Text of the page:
Mr Macron's government warned that Saturday's "yellow vest" protests in Paris will be hijacked by "radicalised and rebellious" crowds and become the most risky yet after three weeks of demonstrations.
As he met with other world leaders last weekend, images of burning barricades in Paris and the Arc de Triomphe monument in a cloud of tear gas were all over the television screens.
The Eiffel Tower and Louvre Museum reopened today after closing due to yesterday's rioting.
Police officers block demonstrators wearing yellow vests from entering a street in Paris.
Last week French President Emmanuel Macron's government reversed course and suspended a planned fuel-tax increase that sparked the protests that entered a fourth weekend on Saturday. The so-called "yellow vest" protests are a disaster for France's economy, French Minister of Economy and Finance Bruno Le Maire told reporters on Sunday. He vowed the government would address their concerns over rising living costs.
French Prime Minister Edouard Philippe called for new talks Saturday with representatives of the "yellow vest" movement. About 125,000 gilets jaunes took to the streets around France with a number of demands.
"His comments about the French protests are completely out of character typically for a sitting United States president", said Michael Geary of the Wilson Institute's Global Europe Program.
It started out as a revolt against a hike in taxes on gasoline and diesel fuel - hence the yellow vests worn by the activists, standard emergency gear in French cars - aimed by the French government at dealing with global warming.
Named after the fluorescent safety vests that French motorists must carry, the "yellow vest" protests erupted out of nowhere on November 17, when almost 300,000 demonstrators nationwide took to the streets to denounce high living costs and Macron's liberal economic reforms.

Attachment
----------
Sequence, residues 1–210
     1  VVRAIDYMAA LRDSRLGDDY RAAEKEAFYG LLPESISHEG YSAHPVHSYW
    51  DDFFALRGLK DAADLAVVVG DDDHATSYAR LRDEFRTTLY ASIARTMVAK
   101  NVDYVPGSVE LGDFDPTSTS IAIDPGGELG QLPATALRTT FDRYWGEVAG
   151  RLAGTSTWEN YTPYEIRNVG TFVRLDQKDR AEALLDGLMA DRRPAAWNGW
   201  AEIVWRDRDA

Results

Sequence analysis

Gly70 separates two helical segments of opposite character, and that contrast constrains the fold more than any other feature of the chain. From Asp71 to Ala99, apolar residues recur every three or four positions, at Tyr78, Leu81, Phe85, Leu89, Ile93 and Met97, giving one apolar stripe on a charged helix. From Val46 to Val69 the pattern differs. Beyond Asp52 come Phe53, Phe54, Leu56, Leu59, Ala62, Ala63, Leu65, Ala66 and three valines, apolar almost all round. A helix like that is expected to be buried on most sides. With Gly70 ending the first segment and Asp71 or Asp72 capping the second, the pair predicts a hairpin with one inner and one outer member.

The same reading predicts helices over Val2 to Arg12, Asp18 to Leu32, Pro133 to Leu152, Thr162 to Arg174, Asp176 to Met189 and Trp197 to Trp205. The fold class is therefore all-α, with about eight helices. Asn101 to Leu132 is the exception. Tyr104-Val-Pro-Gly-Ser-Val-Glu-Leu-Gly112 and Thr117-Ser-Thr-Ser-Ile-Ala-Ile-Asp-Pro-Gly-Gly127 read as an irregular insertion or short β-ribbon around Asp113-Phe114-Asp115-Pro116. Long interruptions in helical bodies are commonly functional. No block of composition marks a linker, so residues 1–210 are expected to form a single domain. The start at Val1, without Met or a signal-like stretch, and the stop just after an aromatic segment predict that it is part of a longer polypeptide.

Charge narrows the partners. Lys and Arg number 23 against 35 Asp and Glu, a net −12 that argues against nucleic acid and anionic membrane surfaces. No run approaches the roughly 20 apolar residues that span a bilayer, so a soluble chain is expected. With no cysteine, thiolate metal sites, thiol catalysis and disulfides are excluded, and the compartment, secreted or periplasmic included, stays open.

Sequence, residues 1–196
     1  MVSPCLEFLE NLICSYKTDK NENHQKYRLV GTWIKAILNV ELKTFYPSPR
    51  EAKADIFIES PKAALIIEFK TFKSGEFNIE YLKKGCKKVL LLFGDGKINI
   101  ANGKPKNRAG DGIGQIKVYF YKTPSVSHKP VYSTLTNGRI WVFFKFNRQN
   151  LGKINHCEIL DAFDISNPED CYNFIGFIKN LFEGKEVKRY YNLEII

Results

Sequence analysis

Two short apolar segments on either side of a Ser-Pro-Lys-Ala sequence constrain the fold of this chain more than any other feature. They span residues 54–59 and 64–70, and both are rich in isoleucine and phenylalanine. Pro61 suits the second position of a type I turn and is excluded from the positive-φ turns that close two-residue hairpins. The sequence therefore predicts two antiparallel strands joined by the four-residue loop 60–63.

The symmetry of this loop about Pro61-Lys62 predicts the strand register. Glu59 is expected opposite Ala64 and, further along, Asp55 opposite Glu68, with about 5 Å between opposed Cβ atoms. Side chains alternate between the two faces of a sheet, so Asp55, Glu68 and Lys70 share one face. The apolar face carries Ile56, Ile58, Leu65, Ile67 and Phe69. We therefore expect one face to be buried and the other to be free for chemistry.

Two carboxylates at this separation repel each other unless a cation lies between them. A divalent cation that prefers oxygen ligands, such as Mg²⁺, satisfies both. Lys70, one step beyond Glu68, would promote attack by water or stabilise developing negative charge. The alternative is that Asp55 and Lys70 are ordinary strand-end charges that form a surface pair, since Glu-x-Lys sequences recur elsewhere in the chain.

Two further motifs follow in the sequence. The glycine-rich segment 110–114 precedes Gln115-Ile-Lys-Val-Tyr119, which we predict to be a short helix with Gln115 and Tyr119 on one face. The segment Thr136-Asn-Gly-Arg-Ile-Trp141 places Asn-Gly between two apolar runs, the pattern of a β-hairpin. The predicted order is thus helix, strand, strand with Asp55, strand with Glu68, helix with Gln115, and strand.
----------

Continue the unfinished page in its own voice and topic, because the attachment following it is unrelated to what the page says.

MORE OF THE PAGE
Macron delivered a public (albeit veiled) rebuke to Trump on home soil, at a speech in Paris marking the 100th anniversary of the end of World War One, taking aim at Trump's "America First" policy.
However, up to 25,000 people also marched through Paris urging greater action on climate change, despite fears that their protest would be scuppered by "yellow vest" demonstrations. Christmas markets, national football matches and countless other events have been cancelled or disrupted by the protests.
President Macron made an unannounced visit Friday night to a group of anti-riot security officers outside Paris to thank them for their work.
In France, authorities have also launched an investigation into social media activity from accounts allegedly drumming up support for the protests, sources told AFP.
The scene was played out across France, with demonstrations turning violent in other provincial cities, including in Bordeaux, where protesters destroyed shopfronts, looted the Apple store and set fire to cars.
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